Some say that solution selling is a dying concept or less relevant than it used to be. I think it is still an important part of the sales process, but its effectiveness relies on having a strong financial acumen and access to a robust financial solutions capability.
Over the years I have attended several annual IT sales kickoff events. I have also participated in hundreds of other sales events including QBR’s, sales training and education programs, and analyst events hosted by the likes of IDC, Gartner, and others. The concept of “solution selling” has seemed to survive the test of time.
It is almost always mentioned or referred to in one form or another. Whether it’s part of the keynote speech on the main stage or included in individual breakout sessions or part of the sales training curriculum. Apparently, solution selling continues to be a relevant part of most sales strategy discussions. (more…)
While sitting in traffic listening to sport updates, I was reminded of my busted NCAA bracket. For the last fifteen or so years, I’ve entered a bracket into my office March Madness pool. Relatively speaking, I’m a late arrival to the excitement of Big Dance. It wasn’t until after college when I was working in Los Angeles that a convincing officemate sat me down to walk me through the selection process (A xeroxed copy of the newspaper-published bracket) and promptly took my $10 entry fee.
My brackets have not improved much over the years. So why do I keep playing every year?
I’ve learned to enjoy the fast-paced nature of the game, the last minute heroics and the unforeseeable upsets.
March Madness is much like quarter-end at many companies: fast-paced, emotionally charged with equal parts excitement and anxiety and full of unexpected turns. I’ve learned that the teams that end up on top of March Madness have a lot in common with the sales reps I’ve known who have been the most successful.
Back in the … gulp … late 90s, many software vendors were slow to realize that customer finance (successfully used for providing leasing to grow and accelerate hardware sales) had any utility in their fast growing industry. For a short period of time, it wasn’t even clear that cost justification was required. And then the dotcom bubble burst. Suddenly financial sales execution mattered again—cost justification to help customers understand why they should buy and extended payment deal structures to make it easier to buy.
Fast forward to the present day and everything is feeling a bit cloudy. Offering subscriptions has become a popular bridge to establishing more consistent recurring revenue in the hopes of cranking up a company’s valuation multiplier. And now many software subscription vendors are questioning whether customer finance (successfully used for providing extended payments to grow and accelerate software sales) has any utility in their fast-growing industry.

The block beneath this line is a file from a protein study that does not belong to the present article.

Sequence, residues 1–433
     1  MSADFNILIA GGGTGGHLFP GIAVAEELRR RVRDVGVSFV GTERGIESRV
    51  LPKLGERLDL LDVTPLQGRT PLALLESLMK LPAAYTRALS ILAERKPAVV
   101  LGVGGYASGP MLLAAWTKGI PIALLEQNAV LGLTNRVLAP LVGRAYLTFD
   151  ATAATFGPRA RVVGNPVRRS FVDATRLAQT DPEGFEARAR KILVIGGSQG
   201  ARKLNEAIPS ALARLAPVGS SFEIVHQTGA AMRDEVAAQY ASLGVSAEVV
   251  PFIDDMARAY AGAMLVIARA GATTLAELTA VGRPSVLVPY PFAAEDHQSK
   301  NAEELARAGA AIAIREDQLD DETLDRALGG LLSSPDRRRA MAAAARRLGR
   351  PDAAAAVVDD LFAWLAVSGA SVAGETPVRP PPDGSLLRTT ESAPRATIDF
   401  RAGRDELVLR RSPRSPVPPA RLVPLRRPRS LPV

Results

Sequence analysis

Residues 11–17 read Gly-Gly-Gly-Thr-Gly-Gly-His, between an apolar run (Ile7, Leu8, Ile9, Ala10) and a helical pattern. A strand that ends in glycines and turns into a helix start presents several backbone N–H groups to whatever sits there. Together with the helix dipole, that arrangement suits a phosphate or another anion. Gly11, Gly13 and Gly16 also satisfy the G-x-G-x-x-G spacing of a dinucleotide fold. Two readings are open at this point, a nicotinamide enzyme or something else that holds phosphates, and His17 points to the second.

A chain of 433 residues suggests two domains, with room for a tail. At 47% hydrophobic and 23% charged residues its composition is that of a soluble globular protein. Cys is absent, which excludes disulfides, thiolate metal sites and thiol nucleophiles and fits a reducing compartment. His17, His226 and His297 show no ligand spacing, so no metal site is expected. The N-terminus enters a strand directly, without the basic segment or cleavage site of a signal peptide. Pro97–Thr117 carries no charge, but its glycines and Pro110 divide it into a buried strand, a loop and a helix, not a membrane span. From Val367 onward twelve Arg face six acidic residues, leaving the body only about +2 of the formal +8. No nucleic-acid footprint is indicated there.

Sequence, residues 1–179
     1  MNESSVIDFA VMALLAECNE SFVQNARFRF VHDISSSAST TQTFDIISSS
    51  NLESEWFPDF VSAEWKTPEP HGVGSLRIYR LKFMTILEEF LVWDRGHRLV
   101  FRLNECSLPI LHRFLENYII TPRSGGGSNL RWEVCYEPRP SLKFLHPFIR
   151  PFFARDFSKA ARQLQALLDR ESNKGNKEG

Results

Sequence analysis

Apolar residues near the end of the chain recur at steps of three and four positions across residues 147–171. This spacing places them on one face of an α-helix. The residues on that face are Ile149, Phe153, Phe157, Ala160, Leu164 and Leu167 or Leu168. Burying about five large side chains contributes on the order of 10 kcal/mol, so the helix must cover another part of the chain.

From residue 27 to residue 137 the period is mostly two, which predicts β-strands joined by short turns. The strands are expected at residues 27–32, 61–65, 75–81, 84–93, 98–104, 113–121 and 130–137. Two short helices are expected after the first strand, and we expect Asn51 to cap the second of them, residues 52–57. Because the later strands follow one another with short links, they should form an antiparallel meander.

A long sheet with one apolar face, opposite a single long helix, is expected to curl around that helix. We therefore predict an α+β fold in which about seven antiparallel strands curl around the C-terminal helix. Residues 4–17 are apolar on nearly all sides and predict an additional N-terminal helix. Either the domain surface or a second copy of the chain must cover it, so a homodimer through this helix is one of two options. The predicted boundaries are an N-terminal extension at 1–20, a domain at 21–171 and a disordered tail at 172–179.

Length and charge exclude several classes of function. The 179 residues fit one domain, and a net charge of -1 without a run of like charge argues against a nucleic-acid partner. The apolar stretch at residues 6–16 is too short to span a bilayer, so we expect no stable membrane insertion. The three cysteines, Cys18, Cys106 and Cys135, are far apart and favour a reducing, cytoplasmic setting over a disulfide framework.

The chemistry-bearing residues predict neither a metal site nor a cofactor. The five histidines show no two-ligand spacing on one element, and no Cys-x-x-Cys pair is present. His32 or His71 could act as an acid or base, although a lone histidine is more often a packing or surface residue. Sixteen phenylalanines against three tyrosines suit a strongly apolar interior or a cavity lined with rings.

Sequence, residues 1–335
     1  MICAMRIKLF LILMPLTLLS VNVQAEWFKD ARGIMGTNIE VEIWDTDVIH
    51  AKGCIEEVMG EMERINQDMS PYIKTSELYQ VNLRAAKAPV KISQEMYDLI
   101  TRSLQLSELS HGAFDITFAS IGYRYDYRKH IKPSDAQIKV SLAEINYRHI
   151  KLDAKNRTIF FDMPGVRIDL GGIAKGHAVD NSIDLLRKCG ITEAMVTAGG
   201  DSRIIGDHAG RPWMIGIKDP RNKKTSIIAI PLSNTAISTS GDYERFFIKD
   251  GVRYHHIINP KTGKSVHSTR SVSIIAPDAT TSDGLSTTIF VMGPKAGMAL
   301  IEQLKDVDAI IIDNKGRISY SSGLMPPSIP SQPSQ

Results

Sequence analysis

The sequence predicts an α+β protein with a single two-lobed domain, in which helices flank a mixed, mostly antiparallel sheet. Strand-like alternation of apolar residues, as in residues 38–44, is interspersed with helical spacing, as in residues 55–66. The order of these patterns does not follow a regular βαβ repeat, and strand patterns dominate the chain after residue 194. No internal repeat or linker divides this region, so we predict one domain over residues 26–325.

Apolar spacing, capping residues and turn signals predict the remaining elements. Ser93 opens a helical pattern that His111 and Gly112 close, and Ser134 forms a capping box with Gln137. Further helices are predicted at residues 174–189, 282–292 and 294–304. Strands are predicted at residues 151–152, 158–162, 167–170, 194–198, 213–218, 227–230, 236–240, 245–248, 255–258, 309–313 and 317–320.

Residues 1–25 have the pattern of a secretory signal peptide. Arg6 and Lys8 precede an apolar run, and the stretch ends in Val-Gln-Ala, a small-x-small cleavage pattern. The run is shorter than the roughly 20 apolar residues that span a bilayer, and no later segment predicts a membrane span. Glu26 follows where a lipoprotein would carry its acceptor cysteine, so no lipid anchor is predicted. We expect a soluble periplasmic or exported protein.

Albert Einstein famously declared “Dancers are the athletes of God,” and rightfully so. A dancer, a ballet dancer in particular, must possess the strength, endurance, and stamina of a professional athlete all while maintaining the grace, artistry and control that is instrumental to success in the world of ballet. Ballet is not just tutus and pointe shoes–it is physically and mentally demanding. Ballet is no joke.
Many sales managers have a propensity to hire former athletes. However I’d be inclined to seek out a ballet dancer.
Presentation and Preparation
There are many parallels between ballet and top sales reps. Let’s start with an easy one. A strong dancer will convey a story holding command of the audience throughout the performance. A dancer will practice, practice, practice and then practice some more, perfecting each step. They don’t just get up on stage and “wing it.” They’re prepared. Dancers may need to improvise a sequence or two, but regardless when they step on stage, they have a plan and steps (literally) in place to execute. (more…)
I was listening to the news recently, and two political analysts were “unpacking” comments made by a political figure. I thought, when did “unpack” suddenly come to mean something other than taking things out of a suitcase? Turns out it’s good that I’m not an etymologist, because the answer is: more than 100 years ago. According to Merriam-Webster, one of the official definitions of “unpack” is: to analyze the nature of (something) by examining in detail.
I was reminded of this alternate definition in re-reading Denise Garcia’s great blog post on Sales to Service, when she suggests the importance of serving and understanding your customer.
In working closely with hundreds of successful sales professionals over the years, I’ve seen it proven that a clear understanding of what’s really important to you customer is critical to success on both sides of a vendor / customer relationship. This may be intuitive when it comes to the use and application of technology. In my experience, unpacking all of the information your customer provides (or alludes to) is just as important in making your solutions more consumable for the buyer. And making your products consumable for the buyer is essential in reaching your sales goals.